Before travelling abroad it is important to buy the right travel insurance. This guidance aims to help travellers choose the right travel insurance to meet their needs. For example:
- The very high costs you might face for emergency medical treatment and help getting back to the UK if you are uninsured.
- The importance of understanding what your insurance does and does not cover. This might include for example your destination, particular requirements for insurance to cover cruises, certain sports and a range of leisure activities, or other needs you may have. It is also very important to answer any questions from your insurer on existing medical conditions.
- A wide range of help to find insurers, specialist advice and different policies are available to meet your needs, including any specific health requirements. You should shop around to get the best value for money, but the cheapest policy may not cover all your needs.
- When you travel, make sure you carry details of your insurance including emergency telephone numbers to contact your insurer. Leave copies with family or friends.
What your travel insurance policy should cover
Health and medical emergencies
An emergency in another country can be very expensive. Examples include:
- £100,000: a stomach bug or infection treated in a hospital in the USA with return flights
- £25,000: a moped accident in Greece, with surgery and repatriation to the UK
- £15,000: a fall in Spain, resulting in a broken hip, hospital treatment and flights
It is your responsibility to ensure you can cover the costs of medical treatment abroad. The right travel insurance will ensure you can do so. Remember that the nearest embassy, high commission or consulate will not pay these costs.
Your travel insurance should cover:
- Emergency medical treatment costs, including hospital charges and ambulance fees
- Returning you home following medical treatment abroad if you cannot use your original ticket
- Reasonable additional transport and/or accommodation expenses for a close relative or friend to stay with you or travel from the UK to escort you if required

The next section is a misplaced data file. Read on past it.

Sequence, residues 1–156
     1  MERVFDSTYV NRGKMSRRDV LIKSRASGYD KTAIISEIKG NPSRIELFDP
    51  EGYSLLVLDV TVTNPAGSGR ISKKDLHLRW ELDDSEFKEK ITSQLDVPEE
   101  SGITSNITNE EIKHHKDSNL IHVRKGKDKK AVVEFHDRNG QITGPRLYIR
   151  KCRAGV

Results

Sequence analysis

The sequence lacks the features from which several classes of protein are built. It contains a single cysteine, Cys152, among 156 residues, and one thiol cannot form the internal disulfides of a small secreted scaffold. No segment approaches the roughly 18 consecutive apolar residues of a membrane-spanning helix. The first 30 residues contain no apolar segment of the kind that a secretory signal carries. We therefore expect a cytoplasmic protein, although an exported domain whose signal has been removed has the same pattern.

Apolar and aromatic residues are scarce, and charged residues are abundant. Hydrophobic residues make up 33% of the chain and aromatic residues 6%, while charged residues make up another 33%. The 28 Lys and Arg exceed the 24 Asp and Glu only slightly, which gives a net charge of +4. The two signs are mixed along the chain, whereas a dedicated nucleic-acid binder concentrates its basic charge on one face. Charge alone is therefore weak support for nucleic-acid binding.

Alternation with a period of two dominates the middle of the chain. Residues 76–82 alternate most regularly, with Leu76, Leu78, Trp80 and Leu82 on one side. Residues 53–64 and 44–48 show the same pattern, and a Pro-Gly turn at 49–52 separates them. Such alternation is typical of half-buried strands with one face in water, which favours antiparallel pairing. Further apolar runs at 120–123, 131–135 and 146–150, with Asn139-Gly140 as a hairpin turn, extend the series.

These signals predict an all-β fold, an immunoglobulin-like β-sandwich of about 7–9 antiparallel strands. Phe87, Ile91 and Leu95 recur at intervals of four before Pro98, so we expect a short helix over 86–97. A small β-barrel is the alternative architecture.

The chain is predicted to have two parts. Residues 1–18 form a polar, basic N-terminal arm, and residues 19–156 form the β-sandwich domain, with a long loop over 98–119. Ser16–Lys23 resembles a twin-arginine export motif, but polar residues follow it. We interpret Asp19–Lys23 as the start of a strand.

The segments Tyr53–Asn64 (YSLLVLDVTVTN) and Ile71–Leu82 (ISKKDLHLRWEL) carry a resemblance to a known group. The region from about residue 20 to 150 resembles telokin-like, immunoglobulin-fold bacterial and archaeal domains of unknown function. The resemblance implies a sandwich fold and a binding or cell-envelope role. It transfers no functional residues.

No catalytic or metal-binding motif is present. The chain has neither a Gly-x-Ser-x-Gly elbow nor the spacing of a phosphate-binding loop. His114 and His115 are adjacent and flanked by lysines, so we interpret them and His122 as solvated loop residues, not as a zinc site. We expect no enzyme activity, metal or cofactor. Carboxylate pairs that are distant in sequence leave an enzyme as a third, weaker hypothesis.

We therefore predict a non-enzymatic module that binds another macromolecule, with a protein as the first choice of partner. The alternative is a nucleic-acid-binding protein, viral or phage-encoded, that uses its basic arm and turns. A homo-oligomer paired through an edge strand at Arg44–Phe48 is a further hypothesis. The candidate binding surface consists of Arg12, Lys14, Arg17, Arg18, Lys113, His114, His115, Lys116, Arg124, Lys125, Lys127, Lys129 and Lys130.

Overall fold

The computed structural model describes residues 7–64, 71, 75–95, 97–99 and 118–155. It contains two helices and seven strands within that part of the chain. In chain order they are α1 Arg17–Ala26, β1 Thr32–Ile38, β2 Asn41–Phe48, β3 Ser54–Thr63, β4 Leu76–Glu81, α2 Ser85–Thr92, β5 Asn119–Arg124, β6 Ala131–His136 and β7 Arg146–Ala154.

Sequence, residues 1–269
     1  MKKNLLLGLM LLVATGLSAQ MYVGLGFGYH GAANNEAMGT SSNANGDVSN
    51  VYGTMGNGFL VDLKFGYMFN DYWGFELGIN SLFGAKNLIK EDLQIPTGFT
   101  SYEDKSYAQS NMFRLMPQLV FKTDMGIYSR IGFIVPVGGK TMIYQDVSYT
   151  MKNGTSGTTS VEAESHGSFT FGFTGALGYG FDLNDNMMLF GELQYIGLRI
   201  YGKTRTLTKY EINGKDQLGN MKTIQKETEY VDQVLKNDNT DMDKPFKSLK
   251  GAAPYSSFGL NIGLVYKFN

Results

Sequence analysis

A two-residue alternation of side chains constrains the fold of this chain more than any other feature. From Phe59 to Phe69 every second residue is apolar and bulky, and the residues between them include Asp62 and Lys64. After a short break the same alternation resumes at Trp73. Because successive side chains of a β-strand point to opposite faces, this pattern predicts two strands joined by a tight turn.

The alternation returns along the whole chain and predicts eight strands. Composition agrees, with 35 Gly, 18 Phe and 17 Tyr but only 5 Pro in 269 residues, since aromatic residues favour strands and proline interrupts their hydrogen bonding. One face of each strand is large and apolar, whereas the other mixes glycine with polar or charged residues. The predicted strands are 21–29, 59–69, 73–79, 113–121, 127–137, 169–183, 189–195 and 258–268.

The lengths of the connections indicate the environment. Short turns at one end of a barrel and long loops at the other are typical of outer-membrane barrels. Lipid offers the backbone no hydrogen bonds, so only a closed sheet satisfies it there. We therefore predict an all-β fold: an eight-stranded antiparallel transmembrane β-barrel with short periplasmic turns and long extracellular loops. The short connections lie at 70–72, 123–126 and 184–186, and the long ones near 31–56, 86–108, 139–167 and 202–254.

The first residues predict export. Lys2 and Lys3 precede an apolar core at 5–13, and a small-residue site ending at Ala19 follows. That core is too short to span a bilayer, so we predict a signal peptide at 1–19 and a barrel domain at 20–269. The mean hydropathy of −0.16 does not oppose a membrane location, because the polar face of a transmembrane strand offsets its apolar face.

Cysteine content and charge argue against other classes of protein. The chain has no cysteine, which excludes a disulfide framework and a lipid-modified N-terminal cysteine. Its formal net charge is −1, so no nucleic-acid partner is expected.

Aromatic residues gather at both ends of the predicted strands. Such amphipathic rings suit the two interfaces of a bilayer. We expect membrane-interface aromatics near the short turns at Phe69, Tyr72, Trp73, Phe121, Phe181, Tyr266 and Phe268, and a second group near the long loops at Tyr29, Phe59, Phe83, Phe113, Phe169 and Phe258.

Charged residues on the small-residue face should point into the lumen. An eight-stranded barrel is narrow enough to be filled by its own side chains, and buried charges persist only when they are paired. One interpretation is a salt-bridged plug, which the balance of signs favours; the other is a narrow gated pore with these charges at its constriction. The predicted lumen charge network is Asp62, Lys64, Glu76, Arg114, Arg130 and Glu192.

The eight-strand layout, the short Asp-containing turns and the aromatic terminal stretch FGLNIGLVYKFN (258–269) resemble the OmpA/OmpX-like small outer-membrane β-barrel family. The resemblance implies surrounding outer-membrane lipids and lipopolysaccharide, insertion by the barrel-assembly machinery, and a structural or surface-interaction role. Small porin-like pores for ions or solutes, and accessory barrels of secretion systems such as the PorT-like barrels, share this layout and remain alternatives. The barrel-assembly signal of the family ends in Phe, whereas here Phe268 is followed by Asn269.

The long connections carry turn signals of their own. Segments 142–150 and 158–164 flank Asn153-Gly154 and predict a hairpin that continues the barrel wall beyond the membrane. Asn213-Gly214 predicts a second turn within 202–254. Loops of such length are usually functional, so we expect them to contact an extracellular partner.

- Temporary emergency dental treatment for the relief of immediate pain
- 24 hours assistance help-lines to offer support and advice about appropriate treatment
It is important to answer any questions from your insurance provider about your medical history fully and honestly (the “pre-existing medical conditions” section of policies). Withholding details of your medical history may mean you are not fully covered.
If for any reason you have difficulty finding cover for reasons associated with a medical condition, you may wish to contact a specialist provider (see contacts section).
If you are travelling in the European Economic Area or Switzerland, you should apply for a free European Health Insurance Card (EHIC) The EHICgives you the gives you the right to access state-provided healthcare during a temporary stay in those countries.
Remember that the EHIC is not an alternative to travel insurance. It will not cover any private medical healthcare or costs, such as mountain rescue in ski resorts, being flown back to the UK, or lost or stolen property. It is also not valid on cruises.
How to choose your travel insurance
Travel insurance is a wide ranging product designed to provide cover for many eventualities, including medical expenses, a trip being cut short or cancelled, and loss or theft of possessions.
Shop around for the best deal, but never buy a policy based on price alone. The cheapest policy may not cover all of your needs. Check that any policy you buy provides comprehensive cover for all of your pre-existing medical conditions and cover for any activities or sports that you may be undertaking (see activities section).
In addition to ensuring you have appropriate medical cover, when choosing a policy, travellers should take some time to think about the following when buying insurance:
How often you travel
If you are planning more than one holiday in a year, consider buying an annual multi-trip policy. Single trip policies are usually more cost effective for older travellers and those with medical conditions. If you already have travel insurance as part of a bank account or credit card, check the policy terms for any age or trip limits there may be, as well as ensuring the policy covers your health and other needs.
The length of your trip(s)
Some annual policies may include limits for the number of days of each individual trip, or a maximum number of days’ travel over the course of the year. If you are going away for a longer period, a gap year or backpacker policy may be more suitable.
Where you are going
Some annual policies only cover short haul destinations within Europe. For those travelling further afield, make sure you buy a worldwide policy or a single trip policy for the specific destination.
Many travel insurance policies will not cover you if you travel to a country where the Foreign & Commonwealth Office advises against all or all but essential travel, so make sure you check the relevant country travel advice pages for updates when booking your trip and buying insurance.